The Asian Football Confederation (AFC) has praised the progress being made in Australia in the area of women’s football.
The AFC acknowledged that women's football is developing in Australia at an impressive speed following the announcement that Westfield Matildas duo Caitlin Foord and Lisa De Vanna have been announced in the three-women shortlist for the Asian Football Confederation (AFC) Women's Player of the Year Award, to be presented at the AFC Annual Awards in Abu Dhabi on December 1.
The shortlisting of Foord and De Vanna comes in the same week that the leading global role Australia has assumed in women’s football development was recognised by the 2016 International Olympic Committee’s (IOC) Women and Sport Awards.
Australia remain Asia’s highest ranked women’s national team on the FIFA Women’s Rankings, with the Matildas currently in seventh.
“Australia’s role within Asia has been impressive – particularly in the area of women’s football,” said AFC President Shaikh Salman bin Ebrahim Al Khalifa.
“They are an important contributor to the AFC, as their successful hosting of the Asian Cup 2015 demonstrated.
“We are looking forward to continuing our close co-operation with the Football Federation of Australia in the years to come for the benefit of football not only in Australia but in Asia as a whole under the banner of One Asia, One Goal.”
The future of the women’s game is also bright “Down Under”, with the young Matildas having recently qualified for the AFC U-19 Women’s Championship China 2017.
Australian female refereeing was in the international spotlight as Australian referees Kate Jacewicz and Renae Coghill, together with India’s Uvena Fernandes, completed the all-AFC affair at the FIFA U-17 Women’s World Cup in Jordan in October.
The FFA have also run an exchange programme with ASEAN members and female administrators from Singapore, Thailand, Malaysia and Vietnam have spent two weeks in Australia, participating in workshops, visiting the Australian Institute of Sport and spending time with FFA, regional association and W League club management. Participants from other ASEAN Member Associations will join the programme over the next 18 months.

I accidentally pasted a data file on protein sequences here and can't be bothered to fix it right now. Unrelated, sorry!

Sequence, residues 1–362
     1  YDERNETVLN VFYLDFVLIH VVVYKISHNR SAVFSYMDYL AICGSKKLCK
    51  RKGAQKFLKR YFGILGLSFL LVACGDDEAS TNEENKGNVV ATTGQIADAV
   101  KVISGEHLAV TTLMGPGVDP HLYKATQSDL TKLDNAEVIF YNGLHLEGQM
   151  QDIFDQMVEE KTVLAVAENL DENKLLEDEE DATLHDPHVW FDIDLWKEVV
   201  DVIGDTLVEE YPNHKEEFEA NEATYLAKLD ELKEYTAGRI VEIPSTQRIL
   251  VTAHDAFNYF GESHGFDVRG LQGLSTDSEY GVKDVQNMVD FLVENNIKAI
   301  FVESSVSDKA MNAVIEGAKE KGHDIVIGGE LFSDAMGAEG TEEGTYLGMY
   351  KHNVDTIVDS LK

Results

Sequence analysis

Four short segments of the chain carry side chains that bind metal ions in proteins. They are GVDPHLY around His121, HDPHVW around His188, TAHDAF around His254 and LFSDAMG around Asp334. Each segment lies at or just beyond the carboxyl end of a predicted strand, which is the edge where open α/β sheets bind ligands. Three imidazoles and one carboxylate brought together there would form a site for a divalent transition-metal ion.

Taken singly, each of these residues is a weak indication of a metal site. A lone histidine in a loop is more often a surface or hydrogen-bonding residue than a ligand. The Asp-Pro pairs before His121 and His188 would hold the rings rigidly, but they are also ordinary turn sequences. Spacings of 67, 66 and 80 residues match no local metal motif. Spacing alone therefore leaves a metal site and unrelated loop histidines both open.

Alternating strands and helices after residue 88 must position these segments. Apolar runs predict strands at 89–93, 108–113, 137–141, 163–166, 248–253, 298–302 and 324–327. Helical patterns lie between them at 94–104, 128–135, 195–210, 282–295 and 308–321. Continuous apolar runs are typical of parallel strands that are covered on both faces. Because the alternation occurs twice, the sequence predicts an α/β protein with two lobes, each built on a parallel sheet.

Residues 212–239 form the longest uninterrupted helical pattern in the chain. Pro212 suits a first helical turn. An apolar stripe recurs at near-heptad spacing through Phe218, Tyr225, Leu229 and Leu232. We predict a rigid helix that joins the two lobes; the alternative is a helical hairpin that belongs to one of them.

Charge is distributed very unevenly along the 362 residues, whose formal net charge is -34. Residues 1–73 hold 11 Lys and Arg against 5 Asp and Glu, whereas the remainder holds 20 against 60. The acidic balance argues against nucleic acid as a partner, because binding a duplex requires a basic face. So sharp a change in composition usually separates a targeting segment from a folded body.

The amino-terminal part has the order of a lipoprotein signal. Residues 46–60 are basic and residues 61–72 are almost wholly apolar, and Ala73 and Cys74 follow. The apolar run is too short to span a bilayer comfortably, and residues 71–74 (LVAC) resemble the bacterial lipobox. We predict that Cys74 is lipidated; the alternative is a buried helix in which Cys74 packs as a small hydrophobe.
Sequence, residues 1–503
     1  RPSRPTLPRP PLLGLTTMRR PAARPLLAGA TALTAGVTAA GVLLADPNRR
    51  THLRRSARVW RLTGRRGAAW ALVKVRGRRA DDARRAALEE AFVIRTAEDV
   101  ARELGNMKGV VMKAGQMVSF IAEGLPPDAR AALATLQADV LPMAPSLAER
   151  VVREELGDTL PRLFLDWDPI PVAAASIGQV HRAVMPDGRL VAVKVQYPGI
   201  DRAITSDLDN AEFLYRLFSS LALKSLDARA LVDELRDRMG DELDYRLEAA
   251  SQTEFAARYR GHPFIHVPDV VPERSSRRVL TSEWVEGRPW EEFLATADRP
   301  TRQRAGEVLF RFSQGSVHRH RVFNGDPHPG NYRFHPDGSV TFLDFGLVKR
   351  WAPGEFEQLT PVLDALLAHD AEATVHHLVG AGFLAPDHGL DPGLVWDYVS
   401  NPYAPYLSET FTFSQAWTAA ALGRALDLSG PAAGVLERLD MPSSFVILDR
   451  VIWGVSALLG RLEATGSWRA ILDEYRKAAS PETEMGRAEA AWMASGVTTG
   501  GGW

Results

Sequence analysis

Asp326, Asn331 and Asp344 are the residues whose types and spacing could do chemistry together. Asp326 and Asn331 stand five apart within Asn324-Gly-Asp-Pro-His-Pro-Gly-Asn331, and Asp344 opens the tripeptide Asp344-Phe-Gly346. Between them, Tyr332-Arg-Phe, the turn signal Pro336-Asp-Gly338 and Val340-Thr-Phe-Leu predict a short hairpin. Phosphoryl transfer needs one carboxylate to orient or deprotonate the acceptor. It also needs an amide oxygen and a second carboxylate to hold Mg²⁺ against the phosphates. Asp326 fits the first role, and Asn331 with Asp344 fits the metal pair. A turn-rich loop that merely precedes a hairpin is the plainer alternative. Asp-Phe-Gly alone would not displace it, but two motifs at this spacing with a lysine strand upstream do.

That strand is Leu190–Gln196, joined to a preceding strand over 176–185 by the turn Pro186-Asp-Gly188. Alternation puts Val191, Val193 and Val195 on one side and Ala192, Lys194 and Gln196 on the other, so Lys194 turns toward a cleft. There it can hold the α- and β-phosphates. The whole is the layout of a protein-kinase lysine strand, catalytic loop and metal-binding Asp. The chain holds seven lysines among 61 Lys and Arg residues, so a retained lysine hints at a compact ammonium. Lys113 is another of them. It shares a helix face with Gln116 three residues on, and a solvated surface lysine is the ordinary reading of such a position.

But it is not only in women’s football that Australia, who joined the AFC in 2006, are taking an active and positive lead. Their support for the unity of Asian football has been backed by their assistance to many AFC Member Associations in the last year.
According to the AFC, the close co-operation with Football Federation Australia (FFA) has been a significant factor in aiding many of those Member Associations achieve their potential and the programmes are starting to show positive results.
Only recently the A League, Australia’s premier club competition, signed a historic agreement with Japan’s J-League in which the two countries will share technical, marketing and administrative expertise. The deal will also lead to the joint promotion of AFC Champions League games.
And to encourage Australian clubs to sign – and develop – players from other Asian countries the FFA Board has recently decided to move towards introducing the ‘plus one’ rule in the Hyundai A-League in coming seasons which will allow more Asian players to take part in the rapidly developing competition, which has seen increased crowds and television audiences this season as standards continue to rise.
In India, FFA have signed an MOU with the All India Football Federation where it is conducting grassroots participation programmes throughout schools in the State of Kerala.